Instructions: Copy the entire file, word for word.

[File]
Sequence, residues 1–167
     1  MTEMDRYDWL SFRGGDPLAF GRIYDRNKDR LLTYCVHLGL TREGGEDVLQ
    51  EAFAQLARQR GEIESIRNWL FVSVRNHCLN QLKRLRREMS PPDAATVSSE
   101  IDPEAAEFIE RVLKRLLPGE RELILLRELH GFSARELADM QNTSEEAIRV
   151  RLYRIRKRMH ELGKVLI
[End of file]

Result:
Sequence, residues 1–167
     1  MTEMDRYDWL SFRGGDPLAF GRIYDRNKDR LLTYCVHLGL TREGGEDVLQ
    51  EAFAQLARQR GEIESIRNWL FVSVRNHCLN QLKRLRREMS PPDAATVSSE
   101  IDPEAAEFIE RVLKRLLPGE RELILLRELH GFSARELADM QNTSEEAIRV
   151  RLYRIRKRMH ELGKVLI